If you go down to the woods today you're sure for a big surprise: the many, many definitions of the truth. Greg Freeman's allegorical comedy follows two honest teddy bears, Ludovic and Julius, who, after witnessing an act of auto-erotic asphyxiation gone horribly wrong, must learn to lie or be blamed and face death as a consequence.
Struggling to become flexible with the truth, they encounter Greta, a doll obsessed by the self-deception of trying to look younger, and an oleaginous, totalitarian clown who manipulates the bears for his own political purposes.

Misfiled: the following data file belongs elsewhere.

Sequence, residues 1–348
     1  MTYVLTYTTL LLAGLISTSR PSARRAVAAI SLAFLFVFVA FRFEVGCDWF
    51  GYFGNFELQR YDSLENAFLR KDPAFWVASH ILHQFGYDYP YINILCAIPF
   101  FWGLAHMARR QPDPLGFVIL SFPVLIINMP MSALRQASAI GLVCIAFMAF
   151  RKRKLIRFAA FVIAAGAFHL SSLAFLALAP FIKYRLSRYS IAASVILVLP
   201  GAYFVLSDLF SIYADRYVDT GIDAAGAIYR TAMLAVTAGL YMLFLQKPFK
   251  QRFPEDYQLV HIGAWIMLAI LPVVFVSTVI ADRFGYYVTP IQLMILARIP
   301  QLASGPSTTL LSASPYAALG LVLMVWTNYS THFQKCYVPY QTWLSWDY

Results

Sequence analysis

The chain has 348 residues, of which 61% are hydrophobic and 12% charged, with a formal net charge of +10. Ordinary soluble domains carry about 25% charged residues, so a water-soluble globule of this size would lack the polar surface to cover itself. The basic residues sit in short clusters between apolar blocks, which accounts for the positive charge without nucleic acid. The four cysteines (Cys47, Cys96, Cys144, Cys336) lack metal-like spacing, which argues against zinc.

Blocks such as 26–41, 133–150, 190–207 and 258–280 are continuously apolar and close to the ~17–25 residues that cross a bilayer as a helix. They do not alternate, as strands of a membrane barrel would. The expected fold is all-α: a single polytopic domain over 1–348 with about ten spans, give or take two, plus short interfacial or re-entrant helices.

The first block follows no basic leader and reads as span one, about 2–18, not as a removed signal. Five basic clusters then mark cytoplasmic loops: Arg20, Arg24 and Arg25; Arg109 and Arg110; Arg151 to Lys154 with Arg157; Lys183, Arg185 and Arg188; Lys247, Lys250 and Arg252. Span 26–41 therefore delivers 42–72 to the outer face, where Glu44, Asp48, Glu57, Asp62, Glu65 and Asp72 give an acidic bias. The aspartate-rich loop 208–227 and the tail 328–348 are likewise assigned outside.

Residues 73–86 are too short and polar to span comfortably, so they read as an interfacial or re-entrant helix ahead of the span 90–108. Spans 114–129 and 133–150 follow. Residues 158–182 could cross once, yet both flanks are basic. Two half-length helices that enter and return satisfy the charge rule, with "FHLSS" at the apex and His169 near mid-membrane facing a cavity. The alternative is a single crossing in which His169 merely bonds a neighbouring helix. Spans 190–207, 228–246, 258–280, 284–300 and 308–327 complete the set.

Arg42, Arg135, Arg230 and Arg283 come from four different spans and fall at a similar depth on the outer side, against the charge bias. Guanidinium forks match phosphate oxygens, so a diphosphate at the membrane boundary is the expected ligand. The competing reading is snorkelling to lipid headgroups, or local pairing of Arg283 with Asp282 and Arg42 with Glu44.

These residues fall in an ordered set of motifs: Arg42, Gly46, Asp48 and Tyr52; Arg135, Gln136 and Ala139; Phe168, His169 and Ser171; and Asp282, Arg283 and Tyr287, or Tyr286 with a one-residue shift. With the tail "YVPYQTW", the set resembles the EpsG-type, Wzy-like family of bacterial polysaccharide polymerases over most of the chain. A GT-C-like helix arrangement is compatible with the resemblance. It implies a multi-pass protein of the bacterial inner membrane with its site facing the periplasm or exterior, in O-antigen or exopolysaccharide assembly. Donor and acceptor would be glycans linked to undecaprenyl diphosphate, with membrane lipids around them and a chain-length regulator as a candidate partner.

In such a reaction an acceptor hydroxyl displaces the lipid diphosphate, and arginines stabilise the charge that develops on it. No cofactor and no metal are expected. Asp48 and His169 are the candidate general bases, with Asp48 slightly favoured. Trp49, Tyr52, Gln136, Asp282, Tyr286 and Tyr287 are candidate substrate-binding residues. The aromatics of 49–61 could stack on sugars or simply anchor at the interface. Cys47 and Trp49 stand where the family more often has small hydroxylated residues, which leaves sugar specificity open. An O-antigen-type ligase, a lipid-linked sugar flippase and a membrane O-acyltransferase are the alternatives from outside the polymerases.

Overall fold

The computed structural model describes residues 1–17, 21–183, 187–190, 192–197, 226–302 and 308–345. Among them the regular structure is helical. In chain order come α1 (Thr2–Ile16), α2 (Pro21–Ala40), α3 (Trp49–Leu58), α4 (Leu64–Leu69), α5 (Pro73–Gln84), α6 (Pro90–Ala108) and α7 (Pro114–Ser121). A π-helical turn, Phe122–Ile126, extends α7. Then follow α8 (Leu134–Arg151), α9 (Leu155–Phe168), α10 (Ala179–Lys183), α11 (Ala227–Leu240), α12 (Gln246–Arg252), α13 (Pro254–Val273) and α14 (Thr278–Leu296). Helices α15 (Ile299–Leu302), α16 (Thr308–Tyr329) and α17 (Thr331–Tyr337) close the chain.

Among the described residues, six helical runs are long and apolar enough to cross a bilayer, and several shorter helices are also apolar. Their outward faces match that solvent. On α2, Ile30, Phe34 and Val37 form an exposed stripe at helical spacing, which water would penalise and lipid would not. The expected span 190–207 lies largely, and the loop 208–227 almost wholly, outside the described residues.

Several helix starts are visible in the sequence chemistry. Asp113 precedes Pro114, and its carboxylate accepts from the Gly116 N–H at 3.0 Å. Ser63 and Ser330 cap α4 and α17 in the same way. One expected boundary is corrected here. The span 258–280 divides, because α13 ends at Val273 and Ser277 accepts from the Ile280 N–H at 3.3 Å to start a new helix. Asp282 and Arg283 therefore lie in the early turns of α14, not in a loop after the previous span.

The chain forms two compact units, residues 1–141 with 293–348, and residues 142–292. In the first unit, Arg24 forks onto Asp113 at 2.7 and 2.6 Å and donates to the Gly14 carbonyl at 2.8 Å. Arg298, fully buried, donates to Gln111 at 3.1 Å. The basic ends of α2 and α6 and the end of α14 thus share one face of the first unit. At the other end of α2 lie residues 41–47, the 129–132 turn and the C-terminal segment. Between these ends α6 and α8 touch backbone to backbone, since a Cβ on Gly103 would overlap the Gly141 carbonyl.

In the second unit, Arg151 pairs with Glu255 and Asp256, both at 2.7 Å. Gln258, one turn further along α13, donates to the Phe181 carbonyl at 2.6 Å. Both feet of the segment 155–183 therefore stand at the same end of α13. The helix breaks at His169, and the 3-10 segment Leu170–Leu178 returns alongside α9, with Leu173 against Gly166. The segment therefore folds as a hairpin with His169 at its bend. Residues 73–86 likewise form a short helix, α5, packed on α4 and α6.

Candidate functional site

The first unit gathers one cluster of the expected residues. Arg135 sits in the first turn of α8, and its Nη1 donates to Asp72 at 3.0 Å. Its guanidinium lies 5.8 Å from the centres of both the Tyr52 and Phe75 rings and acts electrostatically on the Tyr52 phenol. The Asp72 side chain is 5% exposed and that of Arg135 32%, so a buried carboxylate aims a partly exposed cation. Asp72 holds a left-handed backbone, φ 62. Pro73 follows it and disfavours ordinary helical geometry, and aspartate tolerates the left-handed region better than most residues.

Gleefully bizarre, 'No Picnic' is a devastating look at the perceptions and deceptions through which we view ourselves and others; it demonstrates that, in a world where we all pretend, truth and reality are very fluid concepts. Freeman cleverly plays on the similarities between politics and clowning – the art of controlling your environment. Rhys King's performance as the clown carries a razor-sharp sickness and his ruff of newspapers adds an extra layer of relevance to an already hard hitting show.
'No Picnic' might struggle to dominate a larger stage, and the scenery, while pleasantly quaint, is at times distractingly awkward. Regardless, this masterfully realised black comedy from the mad magician of fringe theatre worked on the night: on its own turf 'No Picnic' is unquestionably a feast.
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